Ten of the best: London buy-to-let hotspots offering biggest rental returns from Docklands to Brentford

Where prospective landlords can find the balance between rentability and potential price growth...

The location of the property you buy to rent out will probably be the key to whether your investment proves a success or failure. You need to hit the elusive sweet spot between rentability and possibility of price growth. 

Depending on your budget, this might be a smart flat in Mayfair aimed at the expat market, a family house in the suburbs for maturing Generation Rent, or a sharer-friendly property in or near central London for young professionals.

Caspar Bell, research analyst at estate agent Chestertons, has put together a 10-strong shortlist of London locations, comparing rents and property prices with market performance, which all prospective landlords should consider.

1. Isle of Dogs

A cracking investment option, thanks to its proximity to Canary Wharf and Docklands. Billions of pounds’ worth of development money is pouring into this once-derelict East End industrial zone — not to mention a new Crossrail station. The area is forecast to have 110,000 jobs and 10,000 new homes by 2031, which means lots of opportunities to buy, and plenty of people to rent to.

The journey from East Croydon to central London is soon to take just 15 minutes making it an attractive prospect for investors

2. Croydon 

It might not be somewhere you would want to live yourself right now but Croydon is due to benefit from a £5.25 billion regeneration programme, which should reinvent the town centre. Westfield has taken over its depressing shopping centres and is promising to reboot them, west London-style. Furthermore, after East Croydon station upgrades, journey times to central London will be cut to only 15 minutes, making Croydon a no-brainer for renters on a budget.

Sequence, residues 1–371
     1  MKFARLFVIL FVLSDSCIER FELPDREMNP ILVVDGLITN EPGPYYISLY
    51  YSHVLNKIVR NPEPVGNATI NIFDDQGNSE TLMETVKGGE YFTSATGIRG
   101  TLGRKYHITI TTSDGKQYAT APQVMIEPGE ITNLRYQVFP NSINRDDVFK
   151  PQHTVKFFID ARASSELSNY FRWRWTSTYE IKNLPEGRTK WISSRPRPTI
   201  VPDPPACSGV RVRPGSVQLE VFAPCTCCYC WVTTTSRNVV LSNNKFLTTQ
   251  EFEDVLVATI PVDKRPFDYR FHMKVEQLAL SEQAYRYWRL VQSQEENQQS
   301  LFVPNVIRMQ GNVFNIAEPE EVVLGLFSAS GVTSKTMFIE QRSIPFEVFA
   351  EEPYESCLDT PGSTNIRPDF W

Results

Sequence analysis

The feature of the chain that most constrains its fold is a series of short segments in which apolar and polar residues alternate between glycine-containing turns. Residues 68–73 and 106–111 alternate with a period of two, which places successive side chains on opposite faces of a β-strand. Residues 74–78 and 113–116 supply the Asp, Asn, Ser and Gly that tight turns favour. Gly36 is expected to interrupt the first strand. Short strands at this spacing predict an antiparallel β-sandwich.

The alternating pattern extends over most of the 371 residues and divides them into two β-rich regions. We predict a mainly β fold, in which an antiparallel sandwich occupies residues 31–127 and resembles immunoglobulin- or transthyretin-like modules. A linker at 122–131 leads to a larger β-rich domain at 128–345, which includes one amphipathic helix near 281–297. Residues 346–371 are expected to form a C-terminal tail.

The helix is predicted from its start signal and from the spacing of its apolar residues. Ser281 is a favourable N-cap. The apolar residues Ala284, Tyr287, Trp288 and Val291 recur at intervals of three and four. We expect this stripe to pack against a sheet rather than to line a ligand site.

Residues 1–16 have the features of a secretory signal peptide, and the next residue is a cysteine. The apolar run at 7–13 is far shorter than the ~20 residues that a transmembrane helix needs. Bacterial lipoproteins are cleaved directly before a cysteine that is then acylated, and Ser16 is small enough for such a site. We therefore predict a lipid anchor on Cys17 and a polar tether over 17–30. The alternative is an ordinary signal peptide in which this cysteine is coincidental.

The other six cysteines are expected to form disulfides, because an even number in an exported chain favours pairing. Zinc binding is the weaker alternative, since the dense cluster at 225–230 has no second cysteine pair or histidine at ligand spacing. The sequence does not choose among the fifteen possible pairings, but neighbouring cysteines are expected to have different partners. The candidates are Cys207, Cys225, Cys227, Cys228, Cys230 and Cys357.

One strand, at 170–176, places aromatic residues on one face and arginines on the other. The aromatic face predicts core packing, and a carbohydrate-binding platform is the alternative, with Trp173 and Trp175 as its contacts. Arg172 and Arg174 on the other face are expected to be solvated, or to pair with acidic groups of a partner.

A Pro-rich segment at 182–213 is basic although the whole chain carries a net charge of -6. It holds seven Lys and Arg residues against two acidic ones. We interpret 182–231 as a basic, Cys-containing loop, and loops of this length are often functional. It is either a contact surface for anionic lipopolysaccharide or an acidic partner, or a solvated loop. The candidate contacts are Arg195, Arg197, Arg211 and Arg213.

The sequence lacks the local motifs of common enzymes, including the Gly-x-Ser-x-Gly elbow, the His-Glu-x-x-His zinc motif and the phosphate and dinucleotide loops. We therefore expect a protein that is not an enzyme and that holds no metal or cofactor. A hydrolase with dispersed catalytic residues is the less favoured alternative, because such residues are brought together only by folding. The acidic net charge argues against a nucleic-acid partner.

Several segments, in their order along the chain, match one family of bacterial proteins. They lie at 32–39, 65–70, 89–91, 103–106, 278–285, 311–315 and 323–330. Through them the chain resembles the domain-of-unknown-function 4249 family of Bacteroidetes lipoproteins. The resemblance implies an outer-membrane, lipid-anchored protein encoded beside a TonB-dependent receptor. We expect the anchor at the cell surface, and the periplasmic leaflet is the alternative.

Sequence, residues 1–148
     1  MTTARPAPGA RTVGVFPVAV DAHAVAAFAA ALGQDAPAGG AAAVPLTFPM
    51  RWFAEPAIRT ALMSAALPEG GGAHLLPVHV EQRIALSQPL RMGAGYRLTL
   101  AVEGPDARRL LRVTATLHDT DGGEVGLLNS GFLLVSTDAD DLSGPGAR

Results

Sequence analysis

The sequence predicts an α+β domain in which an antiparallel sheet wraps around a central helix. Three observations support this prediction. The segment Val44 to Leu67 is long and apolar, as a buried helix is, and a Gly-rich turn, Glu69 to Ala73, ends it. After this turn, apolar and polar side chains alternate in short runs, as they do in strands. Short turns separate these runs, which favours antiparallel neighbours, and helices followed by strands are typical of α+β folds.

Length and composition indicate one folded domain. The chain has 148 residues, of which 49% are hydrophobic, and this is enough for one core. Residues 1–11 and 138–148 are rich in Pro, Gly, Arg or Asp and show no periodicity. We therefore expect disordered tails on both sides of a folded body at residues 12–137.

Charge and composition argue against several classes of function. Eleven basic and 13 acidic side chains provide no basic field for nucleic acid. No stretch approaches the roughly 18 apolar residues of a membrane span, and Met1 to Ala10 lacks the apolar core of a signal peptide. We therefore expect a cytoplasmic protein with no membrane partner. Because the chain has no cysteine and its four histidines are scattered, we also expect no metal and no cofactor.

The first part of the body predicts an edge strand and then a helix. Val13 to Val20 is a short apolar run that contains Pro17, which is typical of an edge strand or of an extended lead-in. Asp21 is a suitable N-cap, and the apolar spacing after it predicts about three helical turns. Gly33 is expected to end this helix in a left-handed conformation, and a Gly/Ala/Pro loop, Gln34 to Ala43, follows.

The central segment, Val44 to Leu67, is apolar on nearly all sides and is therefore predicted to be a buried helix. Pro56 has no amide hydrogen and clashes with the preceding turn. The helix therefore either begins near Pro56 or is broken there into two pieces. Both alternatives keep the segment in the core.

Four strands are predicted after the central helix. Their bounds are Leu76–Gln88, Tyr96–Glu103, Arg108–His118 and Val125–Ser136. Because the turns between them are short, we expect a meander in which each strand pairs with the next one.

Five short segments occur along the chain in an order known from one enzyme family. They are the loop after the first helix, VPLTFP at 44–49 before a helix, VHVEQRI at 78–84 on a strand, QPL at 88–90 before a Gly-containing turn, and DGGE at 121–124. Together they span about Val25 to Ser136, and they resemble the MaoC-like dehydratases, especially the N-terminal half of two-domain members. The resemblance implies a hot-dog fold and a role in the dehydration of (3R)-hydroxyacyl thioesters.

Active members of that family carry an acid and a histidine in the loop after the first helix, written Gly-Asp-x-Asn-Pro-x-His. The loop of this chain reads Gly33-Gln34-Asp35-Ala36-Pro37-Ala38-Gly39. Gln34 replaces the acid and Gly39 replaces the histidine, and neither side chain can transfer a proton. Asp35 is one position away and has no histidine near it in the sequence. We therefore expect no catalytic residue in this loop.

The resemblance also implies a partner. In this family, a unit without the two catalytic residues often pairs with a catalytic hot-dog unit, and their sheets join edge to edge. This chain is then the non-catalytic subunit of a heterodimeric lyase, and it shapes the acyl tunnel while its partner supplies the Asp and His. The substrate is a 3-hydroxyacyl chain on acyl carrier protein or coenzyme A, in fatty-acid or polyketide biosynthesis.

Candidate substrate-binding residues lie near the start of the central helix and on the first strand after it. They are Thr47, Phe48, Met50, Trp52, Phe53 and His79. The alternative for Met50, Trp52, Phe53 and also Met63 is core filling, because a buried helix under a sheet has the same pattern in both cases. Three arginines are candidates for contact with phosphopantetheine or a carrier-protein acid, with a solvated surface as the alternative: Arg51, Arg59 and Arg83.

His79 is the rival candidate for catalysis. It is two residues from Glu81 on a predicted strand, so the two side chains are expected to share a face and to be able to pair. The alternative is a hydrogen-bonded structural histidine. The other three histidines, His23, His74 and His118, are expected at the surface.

3. Old Oak Common

As a longer-term investment, Old Oak Common is probably London’s most exciting prospect, with the potential for 24,000 homes over the next 30 years, plus offices and shops, and up to 55,000 new jobs created. Most important of all are the plans for a new super-hub station combining both High Speed 2 and Crossrail lines, which will be capable of handling around 250,000 passengers a day. 

AN91350352Old Oak Common Ea.jpg
An estimated 24,000 homes will be built in Old Oak Common over the next 30 years making it one of the most exciting prospects for investment


4. Tottenham Court Road

With both Sadiq Khan and Zac Goldsmith promising to pedestrianise Oxford Street if they become mayor, plus the arrival of Crossrail, the redevelopment of Centre Point and a series of smart housing developments in the area, the shabby streets around Tottenham Court Road are looking seriously in line for price rises. Renters will pay a premium for the ability to walk to work and walk home from nights out. 

5. Greenwich Peninsula